Are you curious about the health benefits of pecans? Or have you ever wondered about how the pecan goes from tree to your table? Here you’ll find the answers to these and many more frequently asked questions.
Other than pecan pie, how can I incorporate pecans into my diet?
You don’t have to wait until Fall or Winter to have pecans. They are available year round and can be used in many recipes or as a snack right out of the bag.
- Toppings – Use as a topping on a salad, yogurt, ice cream or in a entree glaze.
- Baking – Pecans are great for cookies and cakes.
- Entrees – Pecan meal can be used as an alternative to bread beef, chicken and pork.
- Pecans in a bag – Replace your sugar or salt filled snack with plain (natural) pecans. But if you are still looking for something extra, you can find flavored pecans. Honey roasted, spiced, praline and chocolate covered to name a few.
Pecans contain fat, so why should they be included in a healthy diet?
Pecans do contain fat, but not all fats are created equal. Over 90% of the fat found in pecans is unsaturated, heart-healthy fat meeting the new Dietary Guidelines that recommend Americans keep intake between 20 and 35 percent of calories, with most fats coming from heart-healthy sources like fish, nuts and vegetable oils. Source: www.ilovepecans.org
Are pecans a good source of protein?
Yes! Pecans are an excellent source of protein and can be substituted for meat, poultry or fish in a healthy diet, according to the 2005 Dietary Guidelines. The dietary guidelines recommend that the average American should eat 5 ½ servings from the “Meat and Beans” group every day. Pecans are included in this group because they contain approximately the same amount of protein and nutrients as meat, poultry, fish, beans and seeds. Eating 1 ounce of pecans (or about 20 halves) equals two servings from the meat and bean group and 2 teaspoons of oil. That means you still have 3 servings of meat and 4 teaspoons of oil left each day. Source: www.ilovepecans.org
What about natural antioxidants?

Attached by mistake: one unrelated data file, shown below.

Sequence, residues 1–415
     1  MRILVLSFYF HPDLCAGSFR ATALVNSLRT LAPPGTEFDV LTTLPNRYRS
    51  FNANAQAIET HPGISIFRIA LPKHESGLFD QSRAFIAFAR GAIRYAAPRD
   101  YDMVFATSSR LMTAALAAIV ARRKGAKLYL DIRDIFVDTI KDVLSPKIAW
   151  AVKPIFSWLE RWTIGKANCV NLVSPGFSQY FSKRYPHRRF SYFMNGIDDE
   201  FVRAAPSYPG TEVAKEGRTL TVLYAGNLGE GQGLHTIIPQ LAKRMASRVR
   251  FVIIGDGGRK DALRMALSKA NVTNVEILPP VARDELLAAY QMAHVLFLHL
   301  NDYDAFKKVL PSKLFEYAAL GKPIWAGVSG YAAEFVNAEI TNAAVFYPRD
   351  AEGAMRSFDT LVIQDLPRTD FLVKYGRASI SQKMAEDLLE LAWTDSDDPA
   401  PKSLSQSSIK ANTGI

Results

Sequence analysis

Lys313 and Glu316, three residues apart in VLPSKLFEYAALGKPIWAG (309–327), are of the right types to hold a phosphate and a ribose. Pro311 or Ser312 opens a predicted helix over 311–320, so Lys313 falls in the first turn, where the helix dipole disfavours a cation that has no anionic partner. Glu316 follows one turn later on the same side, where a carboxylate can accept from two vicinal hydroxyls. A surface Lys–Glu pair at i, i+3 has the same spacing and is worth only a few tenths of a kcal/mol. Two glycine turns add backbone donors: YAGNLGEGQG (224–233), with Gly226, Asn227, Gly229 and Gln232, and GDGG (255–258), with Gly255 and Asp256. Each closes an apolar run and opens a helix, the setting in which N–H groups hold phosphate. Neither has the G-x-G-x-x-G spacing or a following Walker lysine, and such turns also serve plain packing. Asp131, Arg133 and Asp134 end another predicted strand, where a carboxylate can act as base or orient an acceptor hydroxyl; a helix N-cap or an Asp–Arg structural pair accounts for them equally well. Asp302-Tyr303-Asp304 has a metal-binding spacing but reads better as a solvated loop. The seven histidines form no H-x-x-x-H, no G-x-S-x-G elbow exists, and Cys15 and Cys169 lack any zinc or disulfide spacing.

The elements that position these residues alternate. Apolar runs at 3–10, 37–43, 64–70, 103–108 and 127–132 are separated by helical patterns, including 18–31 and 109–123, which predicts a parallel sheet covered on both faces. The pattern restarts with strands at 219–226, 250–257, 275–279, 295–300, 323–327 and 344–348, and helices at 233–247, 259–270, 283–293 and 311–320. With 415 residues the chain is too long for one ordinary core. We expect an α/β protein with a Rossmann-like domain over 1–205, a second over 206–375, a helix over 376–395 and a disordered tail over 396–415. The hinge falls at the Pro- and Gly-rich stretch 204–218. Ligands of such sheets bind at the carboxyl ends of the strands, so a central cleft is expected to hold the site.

Pecans are loaded with natural antioxidants. In fact, researchers at the USDA Arkansas Children’s Nutrition Center found that pecans contain the most antioxidant capacity of any other nut and are among the top category of foods (#13 overall) to contain the highest antioxidant capacity. Plus, new research, published in the August 2006 issue of Nutrition Research, shows that adding just a handful of pecans to your healthy diet each day may be help inhibit unwanted oxidation of blood lipids, thus helping prevent coronary heart disease. The researchers suggest that this positive effect was in part due to the pecan’s significant content of vitamin E – a natural antioxidant. Antioxidants are substances found in foods that protect against cell damage and – studies have shown – can help fight diseases like Alzheimer’s, Parkinson’s, cancer and coronary heart disease. Source: www.ilovepecans.org
Can I eat pecans if I’m trying to improve my cholesterol?
Absolutely! In fact, a 2001 study out of Loma Linda University found that adding just a handful of pecans to a traditional low-fat, cholesterol-lowering diet can have a dramatic impact on the diet’s effectiveness. Furthermore, the cholesterol lowering effect shown in the study is similar to what is often seen with cholesterol-lowering medications. When the Loma Linda study participants were on the pecan-enriched diet, they lowered their total and LDL (“bad”) cholesterol twice as much as they did when they ate the American Heart Association (AHA) Step I diet. Just as importantly, the pecan-enriched diet lowered blood triglyceride levels and helped maintain desirable levels of HDL (“good”) cholesterol compared to the Step I diet, which often unfavorably raises triglycerides and usually lowers HDL levels. Source: www.ilovepecans.org